How Ray Johnson's contrarian sensibility inspired mail art
Selected Writings by Ray Johnson 1954-1994
$45.00 List Price
From our current vantage, it’s not hard to acknowledge that one of the presiding spirits of early-twenty-first-century art is Ray Johnson’s. Collagist, painter, poet, and the originator of mail art, Johnson took up the appropriative strategies of Marcel Duchamp and Jasper Johns, infused them with John Cage’s ideas about Zen and chance, and energized the mix with his own brand of deadpan Conceptualism. The art he made beginning in the early 1950s until his death in 1995 purposefully merged artist, artmaking, and art object in ways that were once disquieting but are now considered routine. The strong strain of performativity and self-reflexiveness—qualities that mark the work of artists such as Matt Freedman and Ryan Trecartin—was the animating force behind Johnson’s collages and texts and, more pointedly, what he chose to do with them. Rather than show in galleries, he mailed his work (often multiple Xeroxes) to hundreds of people, and encouraged them to embellish it and send it out again. The republication of his artist’s book The Paper Snake and the selection from his voluminous letters in Not Nothing are an opportunity to sample one of the most subversively witty intelligences to paste, draw, and type in the last half century.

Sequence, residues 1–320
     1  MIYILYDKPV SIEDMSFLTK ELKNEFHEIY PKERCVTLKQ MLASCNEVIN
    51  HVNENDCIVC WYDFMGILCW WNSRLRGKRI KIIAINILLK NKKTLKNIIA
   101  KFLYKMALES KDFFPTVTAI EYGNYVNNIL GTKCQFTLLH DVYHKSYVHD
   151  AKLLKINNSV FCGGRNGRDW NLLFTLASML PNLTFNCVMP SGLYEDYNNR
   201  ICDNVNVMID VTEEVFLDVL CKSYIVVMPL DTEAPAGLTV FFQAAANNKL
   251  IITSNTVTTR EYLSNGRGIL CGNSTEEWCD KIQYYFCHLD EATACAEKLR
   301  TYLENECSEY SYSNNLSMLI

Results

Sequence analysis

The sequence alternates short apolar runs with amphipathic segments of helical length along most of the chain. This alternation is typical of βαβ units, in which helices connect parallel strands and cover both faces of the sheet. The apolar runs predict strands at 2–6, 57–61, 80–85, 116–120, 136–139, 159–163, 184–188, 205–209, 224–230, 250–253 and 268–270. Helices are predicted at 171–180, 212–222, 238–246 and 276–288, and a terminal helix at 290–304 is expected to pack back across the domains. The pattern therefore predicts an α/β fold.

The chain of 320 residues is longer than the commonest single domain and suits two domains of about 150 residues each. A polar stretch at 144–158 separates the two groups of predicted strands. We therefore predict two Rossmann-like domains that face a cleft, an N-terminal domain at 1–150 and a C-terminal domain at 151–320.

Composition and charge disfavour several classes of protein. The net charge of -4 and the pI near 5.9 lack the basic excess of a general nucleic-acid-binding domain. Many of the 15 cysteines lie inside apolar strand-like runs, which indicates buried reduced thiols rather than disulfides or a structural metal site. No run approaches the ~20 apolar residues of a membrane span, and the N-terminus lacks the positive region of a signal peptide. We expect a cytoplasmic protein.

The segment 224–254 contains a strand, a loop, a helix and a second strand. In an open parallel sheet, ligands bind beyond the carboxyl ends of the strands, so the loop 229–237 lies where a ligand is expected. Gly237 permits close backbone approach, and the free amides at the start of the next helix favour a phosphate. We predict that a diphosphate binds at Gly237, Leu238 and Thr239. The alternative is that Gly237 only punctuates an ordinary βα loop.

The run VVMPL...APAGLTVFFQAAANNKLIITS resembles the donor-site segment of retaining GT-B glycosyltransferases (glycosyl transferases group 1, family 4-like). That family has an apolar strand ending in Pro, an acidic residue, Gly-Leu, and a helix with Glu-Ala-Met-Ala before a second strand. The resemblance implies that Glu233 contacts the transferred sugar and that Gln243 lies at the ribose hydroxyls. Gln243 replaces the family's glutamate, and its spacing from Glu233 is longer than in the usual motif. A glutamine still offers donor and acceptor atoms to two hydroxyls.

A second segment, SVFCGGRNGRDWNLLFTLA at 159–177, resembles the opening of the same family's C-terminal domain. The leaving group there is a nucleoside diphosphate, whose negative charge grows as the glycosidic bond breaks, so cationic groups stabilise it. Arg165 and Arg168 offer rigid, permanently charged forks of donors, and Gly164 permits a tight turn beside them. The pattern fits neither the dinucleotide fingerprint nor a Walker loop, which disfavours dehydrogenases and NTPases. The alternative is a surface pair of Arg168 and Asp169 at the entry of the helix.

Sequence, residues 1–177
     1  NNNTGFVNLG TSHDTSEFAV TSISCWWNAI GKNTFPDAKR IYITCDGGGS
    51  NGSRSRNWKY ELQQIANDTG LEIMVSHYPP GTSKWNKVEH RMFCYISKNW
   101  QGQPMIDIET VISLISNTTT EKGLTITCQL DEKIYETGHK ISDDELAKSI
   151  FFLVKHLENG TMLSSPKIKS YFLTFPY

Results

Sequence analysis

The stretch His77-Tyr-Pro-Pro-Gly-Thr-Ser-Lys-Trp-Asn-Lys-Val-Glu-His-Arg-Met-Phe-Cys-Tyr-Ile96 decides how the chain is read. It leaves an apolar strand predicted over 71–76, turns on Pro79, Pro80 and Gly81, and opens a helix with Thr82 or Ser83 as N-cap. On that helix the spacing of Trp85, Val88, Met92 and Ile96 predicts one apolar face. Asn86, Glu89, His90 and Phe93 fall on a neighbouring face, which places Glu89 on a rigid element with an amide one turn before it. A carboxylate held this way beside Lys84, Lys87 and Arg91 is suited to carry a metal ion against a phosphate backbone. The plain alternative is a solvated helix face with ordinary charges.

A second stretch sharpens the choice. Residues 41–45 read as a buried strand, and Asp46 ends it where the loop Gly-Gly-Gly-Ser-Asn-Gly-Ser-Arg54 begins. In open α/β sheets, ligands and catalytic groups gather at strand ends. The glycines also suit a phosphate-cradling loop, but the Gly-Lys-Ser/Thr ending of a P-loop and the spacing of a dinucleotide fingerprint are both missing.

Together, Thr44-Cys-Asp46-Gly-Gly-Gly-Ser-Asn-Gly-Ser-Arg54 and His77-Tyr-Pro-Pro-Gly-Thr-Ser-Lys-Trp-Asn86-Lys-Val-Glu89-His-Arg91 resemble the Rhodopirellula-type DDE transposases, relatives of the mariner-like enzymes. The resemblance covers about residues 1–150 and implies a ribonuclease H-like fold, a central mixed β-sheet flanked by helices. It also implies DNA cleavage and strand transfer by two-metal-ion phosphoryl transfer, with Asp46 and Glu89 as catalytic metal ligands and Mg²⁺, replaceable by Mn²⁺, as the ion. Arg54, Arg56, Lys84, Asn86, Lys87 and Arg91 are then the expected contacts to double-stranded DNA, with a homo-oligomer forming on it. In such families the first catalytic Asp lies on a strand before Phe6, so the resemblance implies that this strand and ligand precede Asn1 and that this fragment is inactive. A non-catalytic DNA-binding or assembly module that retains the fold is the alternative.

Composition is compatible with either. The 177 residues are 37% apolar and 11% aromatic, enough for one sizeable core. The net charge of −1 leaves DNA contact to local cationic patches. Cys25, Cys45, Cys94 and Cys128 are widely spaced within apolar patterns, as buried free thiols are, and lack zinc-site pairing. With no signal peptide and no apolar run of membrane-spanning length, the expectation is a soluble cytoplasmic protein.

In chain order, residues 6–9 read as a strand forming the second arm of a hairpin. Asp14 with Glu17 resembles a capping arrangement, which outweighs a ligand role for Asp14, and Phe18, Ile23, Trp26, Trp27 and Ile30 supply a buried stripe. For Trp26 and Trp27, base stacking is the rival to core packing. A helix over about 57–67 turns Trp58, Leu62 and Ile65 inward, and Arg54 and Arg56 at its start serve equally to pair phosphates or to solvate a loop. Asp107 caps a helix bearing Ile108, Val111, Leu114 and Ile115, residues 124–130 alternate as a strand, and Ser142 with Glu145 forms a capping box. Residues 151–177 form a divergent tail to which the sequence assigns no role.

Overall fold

A twenty-two-year-old Johnson arrived in New York in 1949 after studying at Black Mountain College, where he met, among others, Cage, Merce Cunningham, and Willem de Kooning; in the city he soon made contact with like-minded artists such as Johns, Cy Twombly, and Robert Rauschenberg. Within a few years, he knew everyone on the scene. No less ambitious